The global plastic waste situation will receive an investment of £20 million via UKRI – research partnerships will begin with 11 countries
According to the National Geographic, over the next ten years 22 million tonnes of plastic waste will enters the ocean. This is the figure calculated after adding in all the Government promises across the globe, which if upheld, can only do this much.
In a report published in Science Advances, the US was found to be the biggest culprit of plastic waste, producing around 42 million tonnes of it in 2016 alone. Currently, less than 10% of American plastic waste is actually recycled and the US ships half of the recyclable plastic to China and other developing countries. In 2018, China finally stopped buying plastic scrap and this number lessened somewhat.
However, the rest of the developing nations who have their own plastic problems are struggling to handle them – not just due to the import of plastic scrap. The UKRI is attempting to fund a global reckoning against plastic waste, with a fresh £20 million investment into five projects across 11 countries. This will result in five projects across a programme, with China, Chile, Egypt, Ecuador, India, Indonesia, Peru, Malawi, Sri Lanka, Tanzania and Vietnam.
The Reducing the Impacts of Plastic Waste in Developing Countries (GCRF Plastics) programme is supported via the Global Challenges Research Fund (GCRF), a £1.5 billion investment announced in 2015 to support research that addresses challenges faced in developing countries.
What are some of the projects?
1. “Hope spots” in Indonesia
The University of Plymouth working to create “hope spots” in Indonesia, which will help the country to tackle the global plastic waste problem via their own tourist hotspots. Researchers at Plymouth will work with colleagues at Brunel University London, the University of Leeds, five Indonesian universities, the Indonesian Institute of Science and SYSTEMIQ.
The Indonesian government announced in 2017 that it hopes to reduce the amount of marine plastics it produces by 70% by 2025. Across the country, only 39% of waste is collected for proper disposal and around six million tonnes of waste a year is either burnt or dumped in the environment.
They will research and model the flow of plastic waste across the country, and develop case study sites in the tourist hotspot of Bali and the fishing port of Pasuran to use as templates for tackling the ongoing problem.
2. Adaption on the Cape Flats
The project is Water and Fire: Enhancing Capacity and Reducing Risk through 15 ‘Best Bets’ for Transformative Adaptation with Vulnerable Residents on the Cape Flats.
The 3-year research project is a partnership between the University of Stirling, the University of the Western Cape, the University of Cape Town, the Sustainable Livelihoods Foundation (NPC), and risk-affected residents of the Cape Flats of South Africa. Dr Dalene Swanson said: “We are delighted to welcome our four new postdoctoral research fellows who will support this global challenge-led project.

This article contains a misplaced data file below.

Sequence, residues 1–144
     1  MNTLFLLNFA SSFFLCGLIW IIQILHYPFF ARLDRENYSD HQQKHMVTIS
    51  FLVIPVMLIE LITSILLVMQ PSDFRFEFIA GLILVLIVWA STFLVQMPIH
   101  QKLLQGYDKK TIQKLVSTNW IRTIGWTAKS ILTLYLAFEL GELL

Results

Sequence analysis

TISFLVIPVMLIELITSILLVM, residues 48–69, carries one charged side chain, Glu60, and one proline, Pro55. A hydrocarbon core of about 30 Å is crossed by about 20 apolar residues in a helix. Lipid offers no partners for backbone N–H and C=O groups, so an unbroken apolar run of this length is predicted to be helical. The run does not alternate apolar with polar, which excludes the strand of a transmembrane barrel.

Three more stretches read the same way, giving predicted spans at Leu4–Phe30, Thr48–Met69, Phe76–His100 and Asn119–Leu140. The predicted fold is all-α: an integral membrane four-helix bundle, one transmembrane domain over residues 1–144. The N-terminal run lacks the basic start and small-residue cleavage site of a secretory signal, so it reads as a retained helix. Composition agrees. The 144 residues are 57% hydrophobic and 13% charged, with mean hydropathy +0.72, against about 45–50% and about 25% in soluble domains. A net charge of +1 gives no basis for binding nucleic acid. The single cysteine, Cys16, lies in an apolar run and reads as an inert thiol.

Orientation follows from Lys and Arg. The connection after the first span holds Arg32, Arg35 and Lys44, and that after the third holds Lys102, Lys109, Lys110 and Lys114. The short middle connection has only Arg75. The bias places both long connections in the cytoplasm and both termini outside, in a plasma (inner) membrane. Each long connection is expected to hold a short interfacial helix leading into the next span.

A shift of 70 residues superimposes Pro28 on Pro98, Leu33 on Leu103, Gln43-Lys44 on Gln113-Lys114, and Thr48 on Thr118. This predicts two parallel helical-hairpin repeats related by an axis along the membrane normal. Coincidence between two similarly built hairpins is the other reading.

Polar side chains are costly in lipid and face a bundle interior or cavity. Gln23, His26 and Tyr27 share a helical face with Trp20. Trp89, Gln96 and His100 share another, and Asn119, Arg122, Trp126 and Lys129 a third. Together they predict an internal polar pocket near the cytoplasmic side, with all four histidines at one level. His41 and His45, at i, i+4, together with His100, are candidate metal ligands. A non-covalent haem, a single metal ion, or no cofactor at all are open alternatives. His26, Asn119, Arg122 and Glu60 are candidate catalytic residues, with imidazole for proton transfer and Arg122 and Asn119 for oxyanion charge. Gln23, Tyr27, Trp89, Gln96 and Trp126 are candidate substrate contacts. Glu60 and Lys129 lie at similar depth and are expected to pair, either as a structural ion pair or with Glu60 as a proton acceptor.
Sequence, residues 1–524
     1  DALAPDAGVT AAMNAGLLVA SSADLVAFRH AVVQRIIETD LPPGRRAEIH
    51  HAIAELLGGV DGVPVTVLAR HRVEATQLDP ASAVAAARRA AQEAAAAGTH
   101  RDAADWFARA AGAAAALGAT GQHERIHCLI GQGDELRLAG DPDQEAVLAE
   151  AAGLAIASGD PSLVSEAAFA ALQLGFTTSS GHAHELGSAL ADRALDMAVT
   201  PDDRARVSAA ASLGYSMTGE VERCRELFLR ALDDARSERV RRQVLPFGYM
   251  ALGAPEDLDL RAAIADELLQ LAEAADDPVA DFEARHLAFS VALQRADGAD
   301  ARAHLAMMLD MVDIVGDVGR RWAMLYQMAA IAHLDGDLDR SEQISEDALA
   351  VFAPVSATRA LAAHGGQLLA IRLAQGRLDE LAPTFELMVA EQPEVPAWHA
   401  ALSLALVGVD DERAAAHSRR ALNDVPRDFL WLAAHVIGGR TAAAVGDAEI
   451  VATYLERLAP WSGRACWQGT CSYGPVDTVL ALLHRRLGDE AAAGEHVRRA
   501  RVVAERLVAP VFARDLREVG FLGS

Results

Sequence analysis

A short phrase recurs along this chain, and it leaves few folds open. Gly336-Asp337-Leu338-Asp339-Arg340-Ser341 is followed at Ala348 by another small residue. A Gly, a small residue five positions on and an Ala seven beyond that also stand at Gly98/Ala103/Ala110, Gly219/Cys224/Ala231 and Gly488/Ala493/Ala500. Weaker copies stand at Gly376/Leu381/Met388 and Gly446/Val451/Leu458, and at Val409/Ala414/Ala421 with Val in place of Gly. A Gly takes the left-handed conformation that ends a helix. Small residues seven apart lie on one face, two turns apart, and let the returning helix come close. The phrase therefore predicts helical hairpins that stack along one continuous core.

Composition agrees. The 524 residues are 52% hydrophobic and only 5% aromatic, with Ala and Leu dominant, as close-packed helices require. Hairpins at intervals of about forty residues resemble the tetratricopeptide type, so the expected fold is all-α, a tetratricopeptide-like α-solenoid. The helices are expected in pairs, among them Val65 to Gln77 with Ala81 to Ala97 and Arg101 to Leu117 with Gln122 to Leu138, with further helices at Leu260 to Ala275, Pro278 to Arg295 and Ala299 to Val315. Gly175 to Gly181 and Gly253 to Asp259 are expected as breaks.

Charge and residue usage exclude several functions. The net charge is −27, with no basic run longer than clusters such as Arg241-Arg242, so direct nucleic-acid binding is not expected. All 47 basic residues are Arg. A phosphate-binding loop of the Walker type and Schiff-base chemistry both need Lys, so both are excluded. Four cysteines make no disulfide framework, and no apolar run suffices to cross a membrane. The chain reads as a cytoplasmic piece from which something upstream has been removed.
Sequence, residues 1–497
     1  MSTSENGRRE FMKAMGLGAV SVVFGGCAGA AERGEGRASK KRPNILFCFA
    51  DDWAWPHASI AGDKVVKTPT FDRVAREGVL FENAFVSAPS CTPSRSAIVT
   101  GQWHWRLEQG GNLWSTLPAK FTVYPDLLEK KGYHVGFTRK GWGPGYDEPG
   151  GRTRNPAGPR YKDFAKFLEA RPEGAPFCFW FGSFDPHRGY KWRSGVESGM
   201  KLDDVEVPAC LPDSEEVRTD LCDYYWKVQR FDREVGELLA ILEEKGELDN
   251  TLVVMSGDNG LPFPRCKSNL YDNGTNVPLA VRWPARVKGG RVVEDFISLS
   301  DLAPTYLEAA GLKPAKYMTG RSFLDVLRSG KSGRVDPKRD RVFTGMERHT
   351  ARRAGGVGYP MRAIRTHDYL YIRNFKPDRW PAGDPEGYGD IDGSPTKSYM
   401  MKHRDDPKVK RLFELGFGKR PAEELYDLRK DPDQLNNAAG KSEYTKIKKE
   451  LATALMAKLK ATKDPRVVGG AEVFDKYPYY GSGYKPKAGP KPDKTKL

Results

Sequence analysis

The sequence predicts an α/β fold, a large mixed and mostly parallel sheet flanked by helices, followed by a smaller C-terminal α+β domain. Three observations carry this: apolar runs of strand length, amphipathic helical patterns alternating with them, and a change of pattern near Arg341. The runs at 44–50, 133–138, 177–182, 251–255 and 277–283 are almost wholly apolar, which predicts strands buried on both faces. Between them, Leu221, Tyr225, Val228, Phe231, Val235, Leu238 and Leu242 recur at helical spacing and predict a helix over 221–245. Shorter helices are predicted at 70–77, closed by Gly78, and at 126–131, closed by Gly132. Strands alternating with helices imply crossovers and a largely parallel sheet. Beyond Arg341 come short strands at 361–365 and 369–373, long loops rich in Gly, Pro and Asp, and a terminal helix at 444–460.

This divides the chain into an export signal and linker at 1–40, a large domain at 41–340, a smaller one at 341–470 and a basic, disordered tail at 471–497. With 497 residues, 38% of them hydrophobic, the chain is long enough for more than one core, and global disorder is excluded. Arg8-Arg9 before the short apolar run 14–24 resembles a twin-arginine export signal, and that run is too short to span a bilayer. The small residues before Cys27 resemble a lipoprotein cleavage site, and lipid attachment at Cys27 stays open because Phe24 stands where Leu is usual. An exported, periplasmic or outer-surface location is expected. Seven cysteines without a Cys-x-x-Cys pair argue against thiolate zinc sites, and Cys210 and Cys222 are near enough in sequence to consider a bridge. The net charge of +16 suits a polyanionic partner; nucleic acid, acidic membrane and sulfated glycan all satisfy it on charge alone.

“Recurrent fires, drought and water shortages, and large-scale flooding, are escalating socio-environmental hazards exacerbated by climate change, which disproportionately impact on excluded communities in South Africa.
“In an age of government austerity and economic strain, township residents have been forced to become increasingly self-reliant and resourceful. By working alongside and understanding community and individual responses to climate-change induced crises, this project aims to co-develop a set of resilience actions aimed at mitigating socio-environmental disaster risks, especially those relating to drought, floods, and fire, and for which poverty, inequality, crime and violence exacerbate disaster risks.”
3. Waste management in Tanzania and Malawi
The research will focus on waste management practices in Tanzania and Malawi to explore the sources and economic and behavioural drivers of pollution.
Professor Richard Quilliam, of the University’s Faculty of Natural Sciences, is Principal Investigator on the new project, Sustainable Plastic Attitudes to Benefit Communities and Their Environments (SPACES). It will collaborate together the University of Dar es Salaam (Tanzania); University of Malawi, The Polytechnic; Liverpool School of Tropical Medicine; Malawi-Liverpool Wellcome Trust Clinical Research Programme (Malawi); University of Strathclyde; Durham University; and Heriot-Watt University.
Professor Quilliam said: “In most sub-Saharan African countries, municipal solid waste is collected in a mixed state and is either burned or dumped in areas near human settlements – including along roads, at bus stations, and in storm water channels or rivers.
“Discarded plastic waste in urban or peri-urban environments poses serious health and environmental challenges. Plastic bags in particular can block drainage systems and lead to localised flooding, which can increase the risk of human exposure to raw sewage and the spread of waterborne pathogens, such as cholera and typhoid, in highly-populated areas.”
The team is a mix of natural and social scientists, engineers and economists. They will use both quantitative and qualitative methods to understand the socioeconomic and political obstacles in incentivising governments to remove plastic waste.
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